Chance Sinclair (Avery Conrad) is a spoilt privately educated teen who has used up all her ‘chances’ and has now been put into the care of the family patriarch August Sinclair (Timothy V Murphy). A stern man of family values who you know has a secret as he waffles on about the Sinclair family’s history and legacy.

Also there is a time approaching where the rest of the family must gather to harvest. This is to be June (Annette Reilly) and December’s (Nels Lennarson) final harvest having agreed that with August but they will have to present Chance at the reunion.

To assist with the catering June calls upon the skills of chef Sydney (Jonathan Lipnicki) who is something of a hobo but has found his niche working for Freddie (Lochlyn Munro) because of his honed skills with herbs and their properties for good or ill. There’s also the matter that Sydney is highly strung and prone to violence as is uncle November (Corey Large) an ultra-creep (of a very creepy family) with homicidal tendencies. As with all family reunions there are festering issues that are kept under control only for them to blow up as a power struggle emerges and sides are taken.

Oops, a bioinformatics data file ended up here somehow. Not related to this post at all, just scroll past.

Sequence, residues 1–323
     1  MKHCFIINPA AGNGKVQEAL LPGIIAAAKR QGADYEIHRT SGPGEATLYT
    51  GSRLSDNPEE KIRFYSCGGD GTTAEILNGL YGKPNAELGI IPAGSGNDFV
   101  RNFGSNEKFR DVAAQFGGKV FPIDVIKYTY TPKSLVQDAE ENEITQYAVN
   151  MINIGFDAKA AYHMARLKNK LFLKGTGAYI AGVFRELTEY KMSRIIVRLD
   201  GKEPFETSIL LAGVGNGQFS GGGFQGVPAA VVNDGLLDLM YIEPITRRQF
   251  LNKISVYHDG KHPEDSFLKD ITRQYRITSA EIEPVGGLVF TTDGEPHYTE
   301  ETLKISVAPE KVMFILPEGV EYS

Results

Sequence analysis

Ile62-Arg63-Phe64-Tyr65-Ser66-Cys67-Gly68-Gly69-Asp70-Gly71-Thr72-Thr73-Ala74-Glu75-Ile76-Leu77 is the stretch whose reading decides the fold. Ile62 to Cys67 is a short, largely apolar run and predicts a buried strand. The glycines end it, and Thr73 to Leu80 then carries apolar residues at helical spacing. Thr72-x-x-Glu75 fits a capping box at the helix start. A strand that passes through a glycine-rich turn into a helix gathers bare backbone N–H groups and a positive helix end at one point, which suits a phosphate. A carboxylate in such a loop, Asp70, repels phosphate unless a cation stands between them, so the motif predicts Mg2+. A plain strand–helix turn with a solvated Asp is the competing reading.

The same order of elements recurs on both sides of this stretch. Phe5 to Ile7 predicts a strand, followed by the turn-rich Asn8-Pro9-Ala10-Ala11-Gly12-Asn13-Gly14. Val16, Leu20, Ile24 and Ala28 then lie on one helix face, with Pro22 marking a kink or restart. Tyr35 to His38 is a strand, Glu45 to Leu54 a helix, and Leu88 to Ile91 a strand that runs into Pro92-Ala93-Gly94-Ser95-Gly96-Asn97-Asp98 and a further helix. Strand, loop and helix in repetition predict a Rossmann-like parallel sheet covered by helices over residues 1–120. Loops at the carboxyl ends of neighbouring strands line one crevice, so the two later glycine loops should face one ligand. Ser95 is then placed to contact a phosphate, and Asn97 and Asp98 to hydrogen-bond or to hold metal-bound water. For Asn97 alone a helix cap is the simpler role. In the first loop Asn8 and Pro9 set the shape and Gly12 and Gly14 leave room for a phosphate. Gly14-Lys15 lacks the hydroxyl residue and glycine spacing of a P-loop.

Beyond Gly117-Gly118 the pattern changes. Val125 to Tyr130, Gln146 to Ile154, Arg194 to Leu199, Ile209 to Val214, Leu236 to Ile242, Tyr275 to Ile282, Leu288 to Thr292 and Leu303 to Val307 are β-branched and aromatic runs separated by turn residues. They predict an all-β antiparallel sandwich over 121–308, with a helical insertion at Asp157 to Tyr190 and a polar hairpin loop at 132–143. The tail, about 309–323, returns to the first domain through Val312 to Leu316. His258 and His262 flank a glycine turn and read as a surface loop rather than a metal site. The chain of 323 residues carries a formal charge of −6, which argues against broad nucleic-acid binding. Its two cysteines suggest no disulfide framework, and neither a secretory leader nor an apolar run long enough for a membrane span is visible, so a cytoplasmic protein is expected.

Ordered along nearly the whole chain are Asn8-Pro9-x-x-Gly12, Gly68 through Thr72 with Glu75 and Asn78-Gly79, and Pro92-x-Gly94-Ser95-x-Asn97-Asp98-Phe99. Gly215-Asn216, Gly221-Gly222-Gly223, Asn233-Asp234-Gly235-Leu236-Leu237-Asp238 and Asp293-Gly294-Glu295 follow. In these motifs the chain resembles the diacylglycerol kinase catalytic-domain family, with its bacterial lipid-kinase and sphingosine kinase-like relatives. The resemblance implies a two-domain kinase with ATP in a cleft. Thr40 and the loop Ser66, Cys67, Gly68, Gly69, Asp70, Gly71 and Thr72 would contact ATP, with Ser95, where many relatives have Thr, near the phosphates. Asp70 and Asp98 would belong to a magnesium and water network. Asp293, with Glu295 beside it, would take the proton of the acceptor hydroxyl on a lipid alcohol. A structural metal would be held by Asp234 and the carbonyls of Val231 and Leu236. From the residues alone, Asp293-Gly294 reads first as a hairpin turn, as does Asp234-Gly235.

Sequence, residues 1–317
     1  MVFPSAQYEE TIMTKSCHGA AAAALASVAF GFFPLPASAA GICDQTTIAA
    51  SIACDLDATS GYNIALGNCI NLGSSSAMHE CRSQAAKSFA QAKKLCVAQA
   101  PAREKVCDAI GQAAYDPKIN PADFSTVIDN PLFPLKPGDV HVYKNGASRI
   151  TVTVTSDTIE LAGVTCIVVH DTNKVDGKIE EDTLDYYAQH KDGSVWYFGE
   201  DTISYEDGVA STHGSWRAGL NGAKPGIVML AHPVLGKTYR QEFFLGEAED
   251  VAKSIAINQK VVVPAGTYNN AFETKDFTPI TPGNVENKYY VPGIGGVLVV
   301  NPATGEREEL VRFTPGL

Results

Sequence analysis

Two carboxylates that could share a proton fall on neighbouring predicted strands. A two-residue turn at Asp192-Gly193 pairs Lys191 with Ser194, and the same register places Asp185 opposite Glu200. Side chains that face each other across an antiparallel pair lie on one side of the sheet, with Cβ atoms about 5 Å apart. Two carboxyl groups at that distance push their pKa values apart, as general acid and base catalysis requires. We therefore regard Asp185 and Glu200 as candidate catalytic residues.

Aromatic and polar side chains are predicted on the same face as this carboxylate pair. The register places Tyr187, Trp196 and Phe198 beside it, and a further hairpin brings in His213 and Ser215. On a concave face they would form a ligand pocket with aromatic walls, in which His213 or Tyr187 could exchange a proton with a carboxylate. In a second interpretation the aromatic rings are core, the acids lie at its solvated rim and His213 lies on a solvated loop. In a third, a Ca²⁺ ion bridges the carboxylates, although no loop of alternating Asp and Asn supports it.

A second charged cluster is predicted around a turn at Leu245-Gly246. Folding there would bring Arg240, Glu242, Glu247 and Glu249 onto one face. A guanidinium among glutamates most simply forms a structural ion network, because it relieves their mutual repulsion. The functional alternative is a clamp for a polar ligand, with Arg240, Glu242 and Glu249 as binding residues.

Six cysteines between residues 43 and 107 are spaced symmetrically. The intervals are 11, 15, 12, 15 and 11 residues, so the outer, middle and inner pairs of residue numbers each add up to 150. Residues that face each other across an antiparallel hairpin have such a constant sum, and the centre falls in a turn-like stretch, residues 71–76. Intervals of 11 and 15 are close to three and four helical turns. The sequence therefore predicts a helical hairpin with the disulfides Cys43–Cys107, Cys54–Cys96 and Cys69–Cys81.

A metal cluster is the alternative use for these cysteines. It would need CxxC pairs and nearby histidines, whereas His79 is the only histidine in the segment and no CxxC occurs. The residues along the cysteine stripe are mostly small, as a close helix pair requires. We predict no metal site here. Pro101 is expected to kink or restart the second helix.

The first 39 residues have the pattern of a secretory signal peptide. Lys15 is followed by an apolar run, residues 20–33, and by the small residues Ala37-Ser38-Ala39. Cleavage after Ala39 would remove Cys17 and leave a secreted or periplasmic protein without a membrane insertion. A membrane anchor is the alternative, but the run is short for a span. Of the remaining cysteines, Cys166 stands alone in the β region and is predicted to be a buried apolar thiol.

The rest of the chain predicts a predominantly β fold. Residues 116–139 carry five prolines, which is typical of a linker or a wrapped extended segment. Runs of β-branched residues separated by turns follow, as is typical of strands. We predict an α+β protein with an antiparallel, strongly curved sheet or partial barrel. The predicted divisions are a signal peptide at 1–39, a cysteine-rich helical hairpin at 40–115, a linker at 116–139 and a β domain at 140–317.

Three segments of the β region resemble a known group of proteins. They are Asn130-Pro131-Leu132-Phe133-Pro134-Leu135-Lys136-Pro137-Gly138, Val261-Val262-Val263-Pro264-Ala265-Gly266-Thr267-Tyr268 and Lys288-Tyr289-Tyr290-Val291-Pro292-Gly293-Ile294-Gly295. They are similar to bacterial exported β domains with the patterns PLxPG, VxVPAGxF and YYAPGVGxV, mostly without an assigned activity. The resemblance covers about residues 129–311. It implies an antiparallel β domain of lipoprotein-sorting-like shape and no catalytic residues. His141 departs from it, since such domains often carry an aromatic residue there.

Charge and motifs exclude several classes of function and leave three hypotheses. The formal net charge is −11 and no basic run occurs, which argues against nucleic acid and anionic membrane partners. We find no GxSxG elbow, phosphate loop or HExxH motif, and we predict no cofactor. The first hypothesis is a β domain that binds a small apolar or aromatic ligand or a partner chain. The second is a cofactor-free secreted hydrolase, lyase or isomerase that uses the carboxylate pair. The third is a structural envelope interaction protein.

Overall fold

Broil won’t linger long in the memory but its an enjoyable watch as the family double-cross, kill and maim each other. The basic premise itself if not that original with a family being cursed or having a dubious source of their power that has to be sated every so often.

So we are drawn into a wood panelled dining room with August at the head and Murphy chewing the scenery and the script as the ceremony begins with napkins over their heads. Though this isn’t quite weird enough for director Edward Parke - who shares the writing with Piper Mars – they then add in some sci-fi and existentialism along with trials that some of the parties must accomplish.

It can’t be denied that there are a lot of ideas in Broil and polished up could have resulted in a slick more memorable film. It does however appear cluttered with bits and bobs being added either to pad out the time or it seemed like a good idea that had to be used. Either way it hampers the film’s narrative though not the overall enjoyment. A lot of that is down to the cast who each try to out ham each other and its very competitive though none come anywhere near Murphy.

Broil is now available on Digital Platforms 15th February